Like the Federal Cigarette Labeling and Advertising Act it would amend, the bill would also prohibit the sale of labeled products to minors.

The FTC — responding to President Clinton's order for a federal inquiry into the marketing of violent entertainment — actually entered the picture several weeks before the bill made its appearance. Last month, FTC officials issued requests to both the Motion Picture Association of America and the Recording Industry Association of America for documents detailing how they conduct their rating and warning programs.

Also bolstering the bill's chances is the Aug. 5 release of a Senate Judiciary Committee report which concludes that, not only do television, video games, movies and music dominate the lives of children, but these media offer them “exceedingly violent” images. Such content, the report says, leads to real-world violence.

“The effect of media violence on our children is no longer open to debate,” according to the report.

The Judiciary Committee report, in part, urges Congress to begin a national media campaign to educate parents and to create a national clearinghouse on children and entertainment violence. It also recommends that the various industries rate their products using a universal system.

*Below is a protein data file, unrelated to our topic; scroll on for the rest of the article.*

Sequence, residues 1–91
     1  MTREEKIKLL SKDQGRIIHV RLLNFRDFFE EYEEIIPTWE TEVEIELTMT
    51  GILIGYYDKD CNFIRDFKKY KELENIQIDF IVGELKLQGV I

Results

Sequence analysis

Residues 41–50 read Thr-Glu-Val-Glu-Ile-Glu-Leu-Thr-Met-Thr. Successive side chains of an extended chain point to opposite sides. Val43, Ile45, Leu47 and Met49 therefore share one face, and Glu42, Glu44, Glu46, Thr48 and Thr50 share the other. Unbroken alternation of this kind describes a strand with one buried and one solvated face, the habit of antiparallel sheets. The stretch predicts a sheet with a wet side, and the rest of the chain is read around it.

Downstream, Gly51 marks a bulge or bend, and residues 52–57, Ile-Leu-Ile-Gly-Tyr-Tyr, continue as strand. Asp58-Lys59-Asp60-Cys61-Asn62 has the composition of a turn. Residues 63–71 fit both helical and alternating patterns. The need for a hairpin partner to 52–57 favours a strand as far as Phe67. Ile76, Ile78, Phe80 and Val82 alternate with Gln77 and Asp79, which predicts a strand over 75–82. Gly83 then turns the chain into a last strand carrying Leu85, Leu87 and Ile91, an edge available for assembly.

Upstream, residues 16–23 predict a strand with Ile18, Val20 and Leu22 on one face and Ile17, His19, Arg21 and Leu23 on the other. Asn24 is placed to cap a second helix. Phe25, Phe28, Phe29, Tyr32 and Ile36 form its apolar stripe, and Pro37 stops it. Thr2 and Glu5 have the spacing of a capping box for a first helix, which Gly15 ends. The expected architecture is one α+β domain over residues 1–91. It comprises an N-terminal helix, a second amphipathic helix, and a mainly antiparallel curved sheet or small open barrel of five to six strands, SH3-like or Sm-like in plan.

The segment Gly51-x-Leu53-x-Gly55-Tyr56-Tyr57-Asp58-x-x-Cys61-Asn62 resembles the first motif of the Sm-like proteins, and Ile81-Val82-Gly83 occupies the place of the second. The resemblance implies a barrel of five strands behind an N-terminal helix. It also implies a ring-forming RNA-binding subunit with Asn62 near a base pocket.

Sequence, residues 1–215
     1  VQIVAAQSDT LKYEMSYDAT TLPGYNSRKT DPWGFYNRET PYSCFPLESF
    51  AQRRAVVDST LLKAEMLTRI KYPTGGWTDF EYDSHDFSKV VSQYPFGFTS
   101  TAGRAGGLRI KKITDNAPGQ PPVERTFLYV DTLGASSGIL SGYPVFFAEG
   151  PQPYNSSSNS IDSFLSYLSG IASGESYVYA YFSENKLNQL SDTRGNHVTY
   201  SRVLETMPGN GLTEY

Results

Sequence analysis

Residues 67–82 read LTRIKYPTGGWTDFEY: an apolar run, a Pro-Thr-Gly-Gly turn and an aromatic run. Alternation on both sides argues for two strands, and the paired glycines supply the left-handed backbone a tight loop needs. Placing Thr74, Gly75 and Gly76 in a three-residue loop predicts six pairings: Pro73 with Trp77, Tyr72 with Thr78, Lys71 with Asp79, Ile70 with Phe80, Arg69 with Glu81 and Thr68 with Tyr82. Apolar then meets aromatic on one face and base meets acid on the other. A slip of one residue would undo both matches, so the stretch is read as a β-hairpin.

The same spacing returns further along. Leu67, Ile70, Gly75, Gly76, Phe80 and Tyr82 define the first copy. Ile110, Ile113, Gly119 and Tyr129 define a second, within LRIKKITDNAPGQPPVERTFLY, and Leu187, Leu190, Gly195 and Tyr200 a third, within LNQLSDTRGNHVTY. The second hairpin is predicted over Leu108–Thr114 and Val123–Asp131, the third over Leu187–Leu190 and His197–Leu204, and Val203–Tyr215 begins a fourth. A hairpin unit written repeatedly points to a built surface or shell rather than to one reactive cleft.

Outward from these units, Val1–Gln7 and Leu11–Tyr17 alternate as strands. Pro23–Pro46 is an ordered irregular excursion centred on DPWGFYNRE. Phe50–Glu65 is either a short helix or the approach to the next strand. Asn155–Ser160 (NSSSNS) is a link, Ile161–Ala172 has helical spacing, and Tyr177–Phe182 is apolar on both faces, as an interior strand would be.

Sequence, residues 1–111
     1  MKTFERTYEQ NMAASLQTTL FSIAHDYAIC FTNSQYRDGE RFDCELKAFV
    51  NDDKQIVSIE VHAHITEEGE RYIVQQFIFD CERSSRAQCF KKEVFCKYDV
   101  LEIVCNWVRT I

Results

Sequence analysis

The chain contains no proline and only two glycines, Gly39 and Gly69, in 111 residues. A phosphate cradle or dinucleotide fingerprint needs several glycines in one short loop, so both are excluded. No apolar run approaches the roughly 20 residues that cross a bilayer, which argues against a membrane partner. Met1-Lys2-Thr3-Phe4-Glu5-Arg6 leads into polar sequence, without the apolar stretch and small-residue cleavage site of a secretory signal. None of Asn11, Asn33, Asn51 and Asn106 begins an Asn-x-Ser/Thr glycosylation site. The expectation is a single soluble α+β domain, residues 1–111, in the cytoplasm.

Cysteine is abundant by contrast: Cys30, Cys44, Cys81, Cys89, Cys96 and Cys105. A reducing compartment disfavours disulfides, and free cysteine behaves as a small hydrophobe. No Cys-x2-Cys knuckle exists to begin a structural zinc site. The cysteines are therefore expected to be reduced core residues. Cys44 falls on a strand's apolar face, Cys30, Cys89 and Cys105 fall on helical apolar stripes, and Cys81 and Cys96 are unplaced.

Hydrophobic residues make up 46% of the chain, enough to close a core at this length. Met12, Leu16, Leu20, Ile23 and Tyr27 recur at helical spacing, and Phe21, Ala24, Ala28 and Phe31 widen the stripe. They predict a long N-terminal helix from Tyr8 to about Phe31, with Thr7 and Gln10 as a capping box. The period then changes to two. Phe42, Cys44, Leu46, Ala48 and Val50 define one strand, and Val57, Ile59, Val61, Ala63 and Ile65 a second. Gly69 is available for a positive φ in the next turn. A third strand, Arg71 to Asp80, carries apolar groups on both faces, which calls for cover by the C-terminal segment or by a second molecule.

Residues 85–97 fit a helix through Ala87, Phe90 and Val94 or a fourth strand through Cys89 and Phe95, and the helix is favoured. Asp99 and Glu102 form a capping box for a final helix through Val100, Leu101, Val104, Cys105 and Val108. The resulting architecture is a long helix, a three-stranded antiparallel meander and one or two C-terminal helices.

Predictions of doom for rating system

As MPAA president, Jack Valenti served as primary architect of that group's letter-rating system in the late 1960s. After 30 years, the MPAA code remains the premier rating tool in the entertainment industry.

But Valenti says that the senators' attempt to legislate and enforce a uniform labeling program across most of the entertainment spectrum won't work.

“There are very significant practical and artistic differences among these creative works,” Valenti said in a statement sent to the First Amendment Center. “Any attempt by the federal government to define such terms as 'intensity of violent content,' 'age appropriateness' and 'context' will collapse in failure because these concepts are elusive, swarming in subjectivity which always resists 'formula' solutions.”

Joan Bertin, executive director of the National Coalition Against Censorship, notes that the bill doesn't even define “violence.”